Photo courtesy of the City of Minneapolis.
Many Minneapolis residents are talking about recalling members of the previously low-profile Minneapolis Charter Commission or abolishing the body altogether after it blocked a police reform amendment from reaching the ballot this November.
But getting rid of them wouldn’t be easy. It’d require unprecedented action from the Hennepin County District Court chief judge or an amendment to the state constitution.
The 15-member board has been castigated in public hearings and on social media for being too old, too white, too wealthy and too out of touch for the volunteer job, with some threatening to have them recalled for what they perceive as intentionally delaying a vote on amending the city charter.
The Charter Commission voted 10-5 Wednesday to take 90 more days to study a City Council proposed amendment that would eliminate the Police Department and create a new public safety department. That delay means the council won’t have enough time to get the issue on the ballot this November, which has led to cries for recalls or a citizen-led petition amendment.
But voters can’t recall charter commissioners like they could elected officials because they are appointed by the chief judge of the Hennepin County District Court. You could complain to the chief judge, because state law says “Any member may be removed at any time from office, by written order of the district court, the reason for such removal being stated in the order.”
Toddrick Barnette became chief judge on the Hennepin County District Court on July 1. The odds that he would remove charter commissioners seem slim. Charter Commission Chair Barry Clegg, who has been on the commission 17 years, can’t recall a commissioner being removed by a judge.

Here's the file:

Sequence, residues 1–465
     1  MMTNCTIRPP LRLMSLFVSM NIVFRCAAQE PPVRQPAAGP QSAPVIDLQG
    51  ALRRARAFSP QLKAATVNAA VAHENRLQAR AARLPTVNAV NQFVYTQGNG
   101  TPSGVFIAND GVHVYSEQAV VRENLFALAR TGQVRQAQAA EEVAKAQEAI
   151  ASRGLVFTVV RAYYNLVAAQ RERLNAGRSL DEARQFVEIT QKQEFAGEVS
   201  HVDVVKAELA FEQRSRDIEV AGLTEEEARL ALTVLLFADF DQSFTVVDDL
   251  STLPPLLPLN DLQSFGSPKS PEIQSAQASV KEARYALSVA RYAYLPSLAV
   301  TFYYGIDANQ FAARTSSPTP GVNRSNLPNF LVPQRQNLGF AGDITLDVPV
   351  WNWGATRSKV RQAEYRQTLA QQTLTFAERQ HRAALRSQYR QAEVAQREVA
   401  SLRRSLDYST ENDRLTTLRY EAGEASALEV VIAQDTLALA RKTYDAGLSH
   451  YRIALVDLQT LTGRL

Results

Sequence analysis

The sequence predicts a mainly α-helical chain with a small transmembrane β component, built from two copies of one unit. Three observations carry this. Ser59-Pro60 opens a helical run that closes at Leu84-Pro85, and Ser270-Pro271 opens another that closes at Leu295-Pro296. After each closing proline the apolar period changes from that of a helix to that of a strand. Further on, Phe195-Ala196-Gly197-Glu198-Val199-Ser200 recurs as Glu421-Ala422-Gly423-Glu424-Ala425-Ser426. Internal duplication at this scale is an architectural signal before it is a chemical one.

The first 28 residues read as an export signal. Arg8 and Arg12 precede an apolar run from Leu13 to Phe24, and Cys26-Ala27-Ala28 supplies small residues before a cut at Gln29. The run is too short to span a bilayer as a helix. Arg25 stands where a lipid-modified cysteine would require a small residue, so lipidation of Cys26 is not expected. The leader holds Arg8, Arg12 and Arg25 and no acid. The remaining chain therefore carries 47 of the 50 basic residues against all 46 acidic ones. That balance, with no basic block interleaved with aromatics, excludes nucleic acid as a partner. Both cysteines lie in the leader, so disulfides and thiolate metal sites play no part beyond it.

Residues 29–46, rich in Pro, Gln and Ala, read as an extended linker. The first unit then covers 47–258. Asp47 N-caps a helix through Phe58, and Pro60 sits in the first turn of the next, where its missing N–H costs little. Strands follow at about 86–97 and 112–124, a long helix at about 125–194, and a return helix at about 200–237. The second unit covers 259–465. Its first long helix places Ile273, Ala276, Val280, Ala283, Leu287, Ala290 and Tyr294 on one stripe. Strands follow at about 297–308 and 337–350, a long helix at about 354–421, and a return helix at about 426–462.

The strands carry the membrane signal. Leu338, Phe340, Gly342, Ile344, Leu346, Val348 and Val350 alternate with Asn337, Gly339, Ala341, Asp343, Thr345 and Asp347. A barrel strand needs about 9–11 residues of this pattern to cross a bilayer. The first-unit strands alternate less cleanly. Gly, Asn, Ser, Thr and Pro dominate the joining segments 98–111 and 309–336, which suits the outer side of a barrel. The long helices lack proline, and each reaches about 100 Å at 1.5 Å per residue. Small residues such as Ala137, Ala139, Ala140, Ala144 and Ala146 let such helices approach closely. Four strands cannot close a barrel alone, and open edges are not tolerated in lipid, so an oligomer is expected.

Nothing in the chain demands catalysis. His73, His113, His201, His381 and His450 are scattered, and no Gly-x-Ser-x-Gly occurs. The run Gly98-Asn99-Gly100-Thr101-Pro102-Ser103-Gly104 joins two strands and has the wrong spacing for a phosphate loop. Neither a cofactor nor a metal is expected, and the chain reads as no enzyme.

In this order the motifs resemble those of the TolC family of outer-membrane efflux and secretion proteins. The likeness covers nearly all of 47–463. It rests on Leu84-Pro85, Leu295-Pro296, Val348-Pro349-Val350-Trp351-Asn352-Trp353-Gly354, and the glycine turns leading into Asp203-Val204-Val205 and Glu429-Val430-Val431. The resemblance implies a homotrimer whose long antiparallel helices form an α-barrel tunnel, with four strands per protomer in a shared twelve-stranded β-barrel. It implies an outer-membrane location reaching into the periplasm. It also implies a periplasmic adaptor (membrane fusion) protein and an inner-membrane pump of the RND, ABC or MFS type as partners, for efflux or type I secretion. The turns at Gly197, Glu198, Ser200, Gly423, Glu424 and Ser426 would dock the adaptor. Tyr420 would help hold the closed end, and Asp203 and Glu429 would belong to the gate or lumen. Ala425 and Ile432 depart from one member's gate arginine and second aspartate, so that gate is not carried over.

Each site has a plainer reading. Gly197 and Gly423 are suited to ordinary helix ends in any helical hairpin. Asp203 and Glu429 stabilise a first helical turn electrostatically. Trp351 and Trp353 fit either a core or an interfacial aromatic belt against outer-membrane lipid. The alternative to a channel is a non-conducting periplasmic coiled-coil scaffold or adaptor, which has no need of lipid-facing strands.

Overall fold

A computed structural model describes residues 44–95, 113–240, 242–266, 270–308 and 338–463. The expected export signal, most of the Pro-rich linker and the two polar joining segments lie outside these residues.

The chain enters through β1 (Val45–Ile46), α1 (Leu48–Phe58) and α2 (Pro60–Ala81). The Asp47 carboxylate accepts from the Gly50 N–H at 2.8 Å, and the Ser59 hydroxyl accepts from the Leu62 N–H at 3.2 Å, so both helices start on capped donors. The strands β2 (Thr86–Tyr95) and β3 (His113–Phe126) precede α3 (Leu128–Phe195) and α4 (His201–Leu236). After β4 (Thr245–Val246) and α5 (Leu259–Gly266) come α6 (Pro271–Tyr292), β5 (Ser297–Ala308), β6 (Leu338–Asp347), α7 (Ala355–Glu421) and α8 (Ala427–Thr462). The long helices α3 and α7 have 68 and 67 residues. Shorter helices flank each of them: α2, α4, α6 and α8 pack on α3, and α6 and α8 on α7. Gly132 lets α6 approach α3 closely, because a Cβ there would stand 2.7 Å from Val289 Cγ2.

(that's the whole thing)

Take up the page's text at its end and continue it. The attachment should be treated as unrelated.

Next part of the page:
The only grounds for removal specified in state law is when they’ve failed to perform the duties of office or missed four unexcused consecutive meetings, but Clegg said they could be removed for other reasons, too, as long as the reason is stated in the removal order.
So if the judge won’t remove them, the other option is amending the state constitution, which would be much harder than gathering a few thousand signatures to recall an official. A simple majority of both legislative chambers — both the Democrat-controlled House and Republican-controlled Senate — would have to approve the amendment, to put it to a vote of Minnesotans.
Let’s say Democrats take control of both houses in November and agree to put it on the ballot: The next hurdle is a majority of all the voters casting ballots would have to vote for the amendment, including those who skip the ballot question.
Some testifiers at the Charter Commission derided the fact that commissioners are appointed and not elected, but Clegg said during Wednesday’s commission meeting that’s not a “legislative accident.”
“Charter commissioners are appointed by judges to preserve their independence,” he said. “None of us are running for office and we don’t have to be concerned about mayoral or council politics. It sounds simplistic, but our job is to forward amendments that are appropriate, reject those that are not, and request more time when more time is needed to make the determination.”
But what constitutes an appropriate charter amendment? Clegg said there’s understandably confusion about that because there’s no statutory or case law guidance on evaluating proposed amendments, so “charter commissioners are left to their own devices.”
Left to their own devices, the commission decided to take more time to study the council’s amendment, which is why some people want to recall them now.
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